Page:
Originally Posted by disski
2. Sorry - I have the worst problem with self-image & confidence you can imagine..... it never stopped me having natural talent in Physical Chemistry..... you had better think that one through again I think....
5. have ZIP ZERO NIL NADA natural skiing ability.... dammit I still struggle to ski on 1 ski any distance at all - zero balance skills.... focus & intensity does NOT natural skills make..... although it has meant I have learnt to ski pretty well when I should not really
NATURAL talent is that - NATURAL talent... whether someone goes on to use the natural talent or not is another matter entirely....
Some of us will waste our natural gifts for various reasons (lack of opportunity, application, whatever)....Some will use them a bit, some will maximise them.....
Sorry, disski, but I have to challenge your world view:
1. You may have a lack of self confidence generally and a poor self image, but you have made an exception for the area of physical chemistry, where you recognize that you excel. That is one place that you don't let your self image limit your excellence. (You'd say you have natural talent for it. I'd say you showed early aptitude, have excellent horsepower, and that you have spent a lot of time getting better at it, and you got lots of rewards (positive feedback) as you were able to progress rapidly in a field that caught your focused interest. As a result, you don't have a poor self image in physical chemistry. You assume you'll pick it up quickly.)
2. You say you have poor balance. I say balance is the absolute most learnable skill in the world, and the one, in my experience, that improves the most dramatically with regular work. I'm a club racer, and I do balance training an average of two days every week, working with aids like a foam roller, bosu, bongo board, swiss ball and with weights. Often, when I'm in line for coffee or soup for lunch, I balance on one foot. Whenever I'm standing on the BART train commute, I don't hold on, so I can practice balance skills. That is, admittedly and characteristically, a little over the top--but my balance is astonishingly better than it was a year ago, two years ago, or three years ago. Until last year, I couldn't really do squats with weights on a bongo board. Now they're easy. This year I'm working on moving from kneeling on a swiss ball to standing on it. What I've learned is that trying harder balance challenges makes the other ones much easier. Five years ago, I had very poor balance skills. (Said a six year old, watching me fail time after time in a group surfing lesson, where everyone got up but me, "Don't worry about it. You'll get it eventually...") But now, I have excellent balance skills. (Even two years ago, I could juggle on a bongo board. Now I can toss a heavy medicine ball from hand to hand, while balancing on a bongo board, and it barely reaches the threshold of training. This is not because of any natural ability--I knocked myself unconscious a few years ago crossing a room to turn off an alarm clock.) Not long ago, I also had trouble skiing on one ski. That's no longer the case, but only because of practice, not a retroactive genetic upgrade.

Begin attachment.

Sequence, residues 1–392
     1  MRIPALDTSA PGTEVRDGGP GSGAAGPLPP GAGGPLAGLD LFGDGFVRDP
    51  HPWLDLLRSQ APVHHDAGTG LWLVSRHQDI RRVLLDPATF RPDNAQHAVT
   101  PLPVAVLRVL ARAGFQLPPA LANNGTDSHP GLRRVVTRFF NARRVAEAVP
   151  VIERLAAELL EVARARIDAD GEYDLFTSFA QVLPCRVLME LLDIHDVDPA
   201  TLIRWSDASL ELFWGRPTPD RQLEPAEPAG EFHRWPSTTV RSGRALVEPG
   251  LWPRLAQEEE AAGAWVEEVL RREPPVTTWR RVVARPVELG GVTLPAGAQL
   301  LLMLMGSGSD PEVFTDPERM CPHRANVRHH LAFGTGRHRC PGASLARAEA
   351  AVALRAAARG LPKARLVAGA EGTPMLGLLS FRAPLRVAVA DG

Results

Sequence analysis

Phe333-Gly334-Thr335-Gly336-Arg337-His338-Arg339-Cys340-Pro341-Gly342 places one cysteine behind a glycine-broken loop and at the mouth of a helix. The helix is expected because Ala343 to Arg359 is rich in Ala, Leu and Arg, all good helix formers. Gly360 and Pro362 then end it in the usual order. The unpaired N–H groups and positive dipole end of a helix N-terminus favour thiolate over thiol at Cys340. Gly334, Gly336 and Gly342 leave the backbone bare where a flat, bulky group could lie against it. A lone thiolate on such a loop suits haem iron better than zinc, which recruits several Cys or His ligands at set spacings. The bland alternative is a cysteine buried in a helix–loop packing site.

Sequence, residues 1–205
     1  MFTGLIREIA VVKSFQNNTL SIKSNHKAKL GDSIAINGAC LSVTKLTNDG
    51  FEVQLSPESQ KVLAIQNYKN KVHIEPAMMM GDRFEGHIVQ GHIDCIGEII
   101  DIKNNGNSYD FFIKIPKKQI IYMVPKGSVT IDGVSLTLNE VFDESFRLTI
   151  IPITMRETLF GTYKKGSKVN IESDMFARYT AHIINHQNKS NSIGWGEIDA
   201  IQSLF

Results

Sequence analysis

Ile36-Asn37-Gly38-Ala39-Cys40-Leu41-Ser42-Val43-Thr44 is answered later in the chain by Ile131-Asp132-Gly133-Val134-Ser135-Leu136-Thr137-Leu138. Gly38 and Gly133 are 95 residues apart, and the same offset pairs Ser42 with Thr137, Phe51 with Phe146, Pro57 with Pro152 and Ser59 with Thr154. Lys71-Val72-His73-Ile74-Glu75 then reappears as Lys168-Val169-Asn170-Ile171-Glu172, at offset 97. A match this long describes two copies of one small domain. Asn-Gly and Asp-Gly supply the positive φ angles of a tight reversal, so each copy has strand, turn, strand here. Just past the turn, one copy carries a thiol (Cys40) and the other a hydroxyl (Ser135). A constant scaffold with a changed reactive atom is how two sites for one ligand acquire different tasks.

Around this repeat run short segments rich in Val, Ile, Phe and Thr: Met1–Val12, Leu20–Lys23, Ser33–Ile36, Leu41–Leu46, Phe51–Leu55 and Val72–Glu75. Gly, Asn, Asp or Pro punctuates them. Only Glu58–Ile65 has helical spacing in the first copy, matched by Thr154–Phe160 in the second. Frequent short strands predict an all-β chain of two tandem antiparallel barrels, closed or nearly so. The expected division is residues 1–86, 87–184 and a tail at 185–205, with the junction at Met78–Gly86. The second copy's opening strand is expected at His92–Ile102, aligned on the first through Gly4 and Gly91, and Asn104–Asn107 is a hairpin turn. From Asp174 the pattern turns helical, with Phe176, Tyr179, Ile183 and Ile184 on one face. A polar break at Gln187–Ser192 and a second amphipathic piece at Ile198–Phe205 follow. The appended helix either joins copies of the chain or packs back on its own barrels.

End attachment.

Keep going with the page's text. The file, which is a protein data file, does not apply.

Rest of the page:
3. Natural talent exists, and it helps. And the converse--natural deficiencies in certain areas--also exists. But IMHO lack of "natural talent" is the most over-rated excuse for almost all of us to not live up to our individual potential. People with natural talent learn faster. And their upper range of what they can do is less limited than most of the rest of us. But if you can ski up to _your_ potential you will be an awesome skier.
When I was 19, I was fortunate enough to go for a couple of weeks to the U.S. Olympic training center (then in Squaw Valley, but no more) for fencing. (Not, for the record, because I was any good--the best three young fencers in each division got to go, and I was the second best--that is technically, the absolute worst--of the only two 19-and-under fencers from Nevada. I got beat 5-0 by the 14 year old girls from Central Division of California.) At that time, there were three brothers (last name Marx) who were U.S. foil champions. Their mother was a coach, and she just laughed at the idea they were "natural" athletes, having seen them grow up as what she saw as exceptionally clumsy kids.
My brothers and I (not the Marx brothers--we've moved on to the second story and have changed families here) are a lab experiments for the human potential movement, having been raised by a somewhat troubled mother who insisted, ferociously and constantly, that we could do anything we wanted to. (Although, it turns out, not become sprinters. There are some immutable genetic limitations.) She was largely right, but only because we believed her until we were old enough to know better, and by then our experience conformed to the expectation.
This year I will probably beat all the guys in my current racing class, and move up to the next harder class, not because I have more talent (they do), and not because I ski more days (they do), but because in May I started getting in shape for ski season, because I'm more fanatical about it, and because I'm convinced I can.
I know this is a world view issue, and you have yours, based on your interpretation of your experience--but be careful: If you about argue for your limitations, they're yours.